Set in the mid and late 19th century, this Gothic story with literary echoes should captivate and entertain on a number of levels. The narrative advances in a twofold direction: one from the point of view of authentic fictional voices. We are initially offered the perspective of a retired Sydney medico, Dr Telford Balladay, and an eager young Lutheran missionary, the Reverend Jonas Neubling and his capable wife, Hermione.
Through a series of chance meetings and from a common link through Jonas and Hermione's close relative, Emma Baumgartner, this unlikely trio embark on a quest to find a 'nugget'of germane information among Telford father's bequeathed personal papers - and those of of a Lord Theodore Bennington, an official in the New South Wales Government - the latter being purchased at an auction in 1890. [Part I].
The book then takes the form of a series of letters written firstly by Lord Bennington [Part II] and then by Sebastian, Telfords's younger brother, a pastoralist seeking to win his spurs and find fortune in the Brisbane River Valley |Part III].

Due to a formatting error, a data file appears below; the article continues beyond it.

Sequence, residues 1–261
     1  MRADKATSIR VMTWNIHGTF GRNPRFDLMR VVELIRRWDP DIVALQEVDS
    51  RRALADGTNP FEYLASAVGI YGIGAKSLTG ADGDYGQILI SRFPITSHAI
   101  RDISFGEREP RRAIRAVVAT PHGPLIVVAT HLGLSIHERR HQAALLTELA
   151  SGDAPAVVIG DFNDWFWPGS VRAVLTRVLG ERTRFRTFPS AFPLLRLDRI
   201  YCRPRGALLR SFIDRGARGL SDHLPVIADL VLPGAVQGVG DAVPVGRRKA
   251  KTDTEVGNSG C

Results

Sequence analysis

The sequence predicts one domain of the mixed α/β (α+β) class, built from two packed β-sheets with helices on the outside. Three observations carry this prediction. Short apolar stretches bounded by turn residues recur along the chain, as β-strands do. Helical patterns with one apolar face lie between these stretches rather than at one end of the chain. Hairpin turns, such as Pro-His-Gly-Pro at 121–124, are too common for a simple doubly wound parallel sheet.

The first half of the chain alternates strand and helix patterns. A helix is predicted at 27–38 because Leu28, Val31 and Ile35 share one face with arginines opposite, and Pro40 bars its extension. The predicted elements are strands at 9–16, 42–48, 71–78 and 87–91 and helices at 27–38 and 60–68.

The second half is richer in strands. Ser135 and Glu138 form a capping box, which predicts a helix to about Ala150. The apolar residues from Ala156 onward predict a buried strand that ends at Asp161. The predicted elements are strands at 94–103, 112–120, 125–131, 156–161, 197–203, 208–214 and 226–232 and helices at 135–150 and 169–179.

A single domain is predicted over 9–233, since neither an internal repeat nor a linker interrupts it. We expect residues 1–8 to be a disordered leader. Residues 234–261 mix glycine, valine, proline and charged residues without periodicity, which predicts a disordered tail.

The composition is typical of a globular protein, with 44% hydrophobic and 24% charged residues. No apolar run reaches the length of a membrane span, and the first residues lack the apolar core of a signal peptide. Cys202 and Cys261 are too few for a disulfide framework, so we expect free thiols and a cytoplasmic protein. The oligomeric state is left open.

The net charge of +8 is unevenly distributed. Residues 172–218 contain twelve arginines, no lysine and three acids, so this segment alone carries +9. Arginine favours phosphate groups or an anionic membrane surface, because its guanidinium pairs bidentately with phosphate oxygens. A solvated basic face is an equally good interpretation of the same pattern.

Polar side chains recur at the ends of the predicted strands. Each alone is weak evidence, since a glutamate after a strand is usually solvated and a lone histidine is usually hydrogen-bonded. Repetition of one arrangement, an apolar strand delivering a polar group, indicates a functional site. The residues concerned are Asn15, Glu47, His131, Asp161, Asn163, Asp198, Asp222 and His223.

As they delve deeper into the history of the Kilcoy massacre, and the various participants' their lives and motivations, Telford, Jonas and Hermione, plus Johnson, Telford's former medical assistant, lead us through the second perspective of the book - the unravelling of the events of the actual massacre at Kilcoy. They uncover, by means of authorial, interpretative and fact-based voice, an epic tale of mass poisoning, 'while-black' complexity, official bungling and inaction, squatter codes of silence and much more in a damping down the massacre's effects on the early European settlement.
This is an eloquent page-tuner that explores tough themes and confronts the reader with twists and unexpected offerings. It is an epic story that should satisfy in several ways - particularly along historical and fictional lines.